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Bob Long Was A Lifelong Friend To The Handicapped



May 16, 2010

Bob Long's life revolved around his community, beginning in Dorchester, the Irish Catholic section of Boston where he grew up, and extending to the West End of Hartford, where he lived for more than 30 years.

"He cared about his neighborhood, and he cared about Hartford," said his neighbor Sandra LaJeunesse. "There's a hole in the neighborhood and the city."

Born Nov. 21, 1940, Long was the younger of two sons of Catherine and Edward R. Long. He also had two younger sisters. His father was liaison between the longshoremen's union and the Boston shipping association, a challenging job that required fairness, an open mind and diplomacy, all traits his younger son inherited.

Growing up, Long was the unofficial leader of a tight band of "Roberts," four boys with the same first name. He attended Catholic schools, was a star sprinter and played the snare drum in a drum and bugle corps and in the St. William's Band.

His older brother, Ed, had muscular dystrophy and couldn't walk, so Bob carried him many places so Ed wouldn't be left out. Their parents encouraged children to gather at the house so Ed would have company.

Later, Bob duplicated that hospitality.

"It was a real important value to have people to feel welcome, and he raised us with that open-house feeling," said his daughter, Gannon Long. "He was very open and very accepting of different kinds of people, and he made that known."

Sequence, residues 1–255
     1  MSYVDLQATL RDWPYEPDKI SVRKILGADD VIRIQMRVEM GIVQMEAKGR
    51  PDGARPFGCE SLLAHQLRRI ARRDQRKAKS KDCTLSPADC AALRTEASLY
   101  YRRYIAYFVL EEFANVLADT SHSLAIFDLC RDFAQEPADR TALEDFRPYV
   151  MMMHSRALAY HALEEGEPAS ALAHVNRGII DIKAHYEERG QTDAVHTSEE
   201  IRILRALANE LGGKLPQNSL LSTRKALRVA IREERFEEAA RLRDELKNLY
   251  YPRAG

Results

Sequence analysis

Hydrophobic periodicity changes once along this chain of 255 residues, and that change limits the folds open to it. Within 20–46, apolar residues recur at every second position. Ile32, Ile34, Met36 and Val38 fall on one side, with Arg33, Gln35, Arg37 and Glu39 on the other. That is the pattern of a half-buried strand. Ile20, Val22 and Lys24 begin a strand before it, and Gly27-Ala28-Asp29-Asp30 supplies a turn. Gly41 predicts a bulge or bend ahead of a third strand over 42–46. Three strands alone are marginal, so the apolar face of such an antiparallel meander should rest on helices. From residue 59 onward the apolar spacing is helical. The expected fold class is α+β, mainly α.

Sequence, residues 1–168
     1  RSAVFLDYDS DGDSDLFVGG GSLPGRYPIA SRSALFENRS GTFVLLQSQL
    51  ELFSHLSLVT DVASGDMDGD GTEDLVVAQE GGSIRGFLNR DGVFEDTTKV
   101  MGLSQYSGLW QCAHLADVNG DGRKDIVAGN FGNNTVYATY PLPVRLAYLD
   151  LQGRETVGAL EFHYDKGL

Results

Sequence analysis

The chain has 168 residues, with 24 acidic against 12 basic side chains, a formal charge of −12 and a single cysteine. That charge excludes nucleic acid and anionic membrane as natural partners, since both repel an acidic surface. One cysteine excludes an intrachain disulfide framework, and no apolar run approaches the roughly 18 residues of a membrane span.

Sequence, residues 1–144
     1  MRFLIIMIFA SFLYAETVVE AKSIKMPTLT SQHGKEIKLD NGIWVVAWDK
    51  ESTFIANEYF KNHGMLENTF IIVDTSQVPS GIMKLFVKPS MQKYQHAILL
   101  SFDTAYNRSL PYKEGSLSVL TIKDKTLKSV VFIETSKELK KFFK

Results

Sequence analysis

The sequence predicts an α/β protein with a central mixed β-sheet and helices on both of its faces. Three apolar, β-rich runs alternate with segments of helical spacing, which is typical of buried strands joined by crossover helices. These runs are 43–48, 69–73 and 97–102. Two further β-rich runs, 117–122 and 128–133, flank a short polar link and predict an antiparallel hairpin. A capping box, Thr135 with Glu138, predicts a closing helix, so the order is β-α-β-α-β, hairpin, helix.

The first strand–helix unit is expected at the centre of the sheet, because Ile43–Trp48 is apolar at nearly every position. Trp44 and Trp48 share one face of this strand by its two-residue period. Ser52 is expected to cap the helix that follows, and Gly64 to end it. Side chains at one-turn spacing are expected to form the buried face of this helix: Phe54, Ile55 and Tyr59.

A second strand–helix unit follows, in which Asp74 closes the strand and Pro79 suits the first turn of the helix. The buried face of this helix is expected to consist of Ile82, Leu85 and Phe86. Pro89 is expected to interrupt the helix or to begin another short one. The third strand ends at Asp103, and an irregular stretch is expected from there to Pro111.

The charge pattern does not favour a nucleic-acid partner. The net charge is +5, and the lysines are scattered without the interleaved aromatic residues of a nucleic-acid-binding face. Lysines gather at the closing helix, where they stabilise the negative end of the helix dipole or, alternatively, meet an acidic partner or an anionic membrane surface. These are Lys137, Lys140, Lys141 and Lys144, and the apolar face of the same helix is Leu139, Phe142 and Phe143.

After graduating from Boston College High School, Long attended Boston State College, now part of the University of Massachusetts, and later got a master's degree in special education from Boston College.

During the Vietnam War, he applied for conscientious objector status and did alternate service at a Boston mental hospital. He married a childhood friend, Connie Connors, and they had three children. After they moved to Manhattan, he taught at Jersey City State college.

He enrolled in Teacher's College of Columbia University to earn a doctorate in special education, with an emphasis on blindness. He learned Braille and walked the neighborhood with dark glasses and a cane to get a sense of what blindness felt like. He was involved with Students for a Democratic Society and was active in anti-war activities.

After the couple divorced, Long met Gloria Gruber, an art student, at a Bach concert in Carnegie Hall. He was immediately smitten, and they were married on June 21, 1974, barely six months after they had met. They had three children.

The Longs moved to Hartford, where he became chief of children's services at the state Board of Education and Services for the Blind. There he developed programs for very young children and helped integrate blind students into regular classrooms.

One day, Long learned that a blind 6-month-old with many special needs was going to be placed in foster care. He volunteered to bring her to his house, where she lived for six months until a permanent home was found.